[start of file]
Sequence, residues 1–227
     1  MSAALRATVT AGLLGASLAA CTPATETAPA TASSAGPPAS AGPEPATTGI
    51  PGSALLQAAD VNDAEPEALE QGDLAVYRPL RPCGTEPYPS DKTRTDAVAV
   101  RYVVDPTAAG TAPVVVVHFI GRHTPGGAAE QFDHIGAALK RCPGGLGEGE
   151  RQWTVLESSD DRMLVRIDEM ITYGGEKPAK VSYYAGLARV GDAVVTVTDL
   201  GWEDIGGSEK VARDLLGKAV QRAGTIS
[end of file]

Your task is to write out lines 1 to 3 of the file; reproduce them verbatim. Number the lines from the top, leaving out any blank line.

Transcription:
Sequence, residues 1–227
     1  MSAALRATVT AGLLGASLAA CTPATETAPA TASSAGPPAS AGPEPATTGI
    51  PGSALLQAAD VNDAEPEALE QGDLAVYRPL RPCGTEPYPS DKTRTDAVAV